If I was qualified to write about the most important issues of today – – white supremacy, the rise of white nationalism and fascism in the US, the impending collapse of our democracy, and the doomsday scenario that is climate chaos – – I would.
If I was so inclined I would also quote Woody Allen who captured our dilemma when he said “More than any other time in history, mankind faces a crossroads. One path leads to despair and utter hopelessness. The other, to total extinction. Let us pray we have the wisdom to choose correctly.”
But I won’t quote Woody Allen (even though that quote pretty much sums it up), because quoting him offends my sensibilities and probably the sensibilities of a good number of women reading this post. I don’t want anyone to stop reading when I’m just getting started.
So instead I’ll quote my dad, another old white guy, now passed on, who frequently lectured his children about life’s great lesson — “A place for everything and everything in it’s place!” As a kid I found this terribly annoying, especially when I’d be quietly sitting in my room, on my bed and minding my own business, when the door would fly open and my dad would fling shoes into my room. He didn’t hurl them AT me exactly, that would have been quite violent, but he did create a ruckus. He clearly didn’t like my shoes lying in wait in the middle of the living room, out of their place, asking to be tripped over.
But as we are apt to do, we take on the qualities of our parents, and we realize that in some ways (certainly not all), they knew best all along.
So I may not be qualified to write about the rise of white nationalism, but I am qualified to write about organizing. I am skilled at finding a place for each and every thing.
And I’m also totally and completely smothered in patriarchy, which explains why I started a piece on the patriarchy by quoting two old white men, one dead, and the other kind of gross.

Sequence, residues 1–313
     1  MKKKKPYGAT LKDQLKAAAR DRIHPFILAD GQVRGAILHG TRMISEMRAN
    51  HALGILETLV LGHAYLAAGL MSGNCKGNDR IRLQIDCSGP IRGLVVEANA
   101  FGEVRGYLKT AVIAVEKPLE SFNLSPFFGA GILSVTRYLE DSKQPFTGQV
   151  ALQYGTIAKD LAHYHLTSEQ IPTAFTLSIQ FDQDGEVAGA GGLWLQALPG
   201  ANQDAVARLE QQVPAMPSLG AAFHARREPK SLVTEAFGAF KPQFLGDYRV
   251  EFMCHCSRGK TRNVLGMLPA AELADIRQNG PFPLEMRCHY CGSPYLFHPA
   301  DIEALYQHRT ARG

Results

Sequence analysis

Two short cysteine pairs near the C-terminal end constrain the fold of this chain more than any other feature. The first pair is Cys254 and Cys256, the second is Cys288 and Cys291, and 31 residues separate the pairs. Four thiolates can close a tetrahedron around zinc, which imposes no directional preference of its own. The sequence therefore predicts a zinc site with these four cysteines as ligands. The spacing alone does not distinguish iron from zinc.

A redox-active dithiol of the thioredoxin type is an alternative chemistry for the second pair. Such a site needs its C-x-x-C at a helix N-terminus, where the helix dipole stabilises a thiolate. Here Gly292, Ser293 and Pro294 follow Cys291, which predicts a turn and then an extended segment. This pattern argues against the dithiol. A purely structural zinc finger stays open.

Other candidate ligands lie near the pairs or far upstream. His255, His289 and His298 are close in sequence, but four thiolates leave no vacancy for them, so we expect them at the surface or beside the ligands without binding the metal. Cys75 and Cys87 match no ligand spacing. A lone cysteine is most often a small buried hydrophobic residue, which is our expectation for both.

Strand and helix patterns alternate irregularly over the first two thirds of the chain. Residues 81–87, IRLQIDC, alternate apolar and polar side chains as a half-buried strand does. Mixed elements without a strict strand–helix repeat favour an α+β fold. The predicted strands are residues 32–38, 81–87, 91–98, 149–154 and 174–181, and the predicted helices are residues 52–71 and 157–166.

“Old white man” has become part of our vocabulary of late. I frequently hear things like “we don’t need another old white man in the White House”, which I happen to agree with, so BAD EXAMPLE. But when we say that, we’re not commenting on individuals (mostly), we’re really saying “Enough already with the patriarchy.” And like it or not, white men are, if nothing else, symbols of the patriarchy. If you are one, sorry. I’m married to one, my two brothers are ones, most of my male friends are them too.
A while back, on one of those frigid winter days when there was nothing to do but organize, and before Marie Kondo told us that we could only keep 34 books (I think she’s since back-pedaled on that ridiculous suggestion), I set out to clean up my book collection because shelves were overflowing, piles of books everywhere. Some books easily went into the give-away pile – – those I had already read, or knew I would never read, and at least a half dozen, or a dozen, maybe even a baker’s dozen, of self-help books that either I didn’t read, or they didn’t help, or maybe they did help but I wouldn’t know because others who know me will have to judge their efficacy.
I had to decide what to do with the books I wasn’t ready to part with, working under the constraints of my limited bookshelf space and also the constraints of time – how many books can I actually read? I’ll just say it – – how many can I actually read in my lifetime? I’m getting old.
Here is what I decided to do.
I found a cardboard box and into it I put every book written by a straight white man.* I filled that box, and had to get another. I filled the second one. I closed them up. With a big fat marker I wrote on each box – “BOOKS TO BE BROUGHT BACK OUT AFTER THE PATRIARCHY HAS BEEN SMASHED.” Off they went into the basement.
I really did that. Smashing the patriarchy was part of my home organizing strategy.
But the patriarchy is so alive and well in my psyche that when I wrote the above paragraph about the boxes I thought to myself “Gee, it’s one thing to organize your books however you choose, but do you really need to tell everyone? You might make some of those straight white men uncomfortable.”
Yes, I actually thought that.
But here we are so I obviously moved past the doubts. Maybe those self-help books did help after all.
And granted, putting books in the basement is a small thing in the big scheme of a system that has resulted in white men being in charge of everything.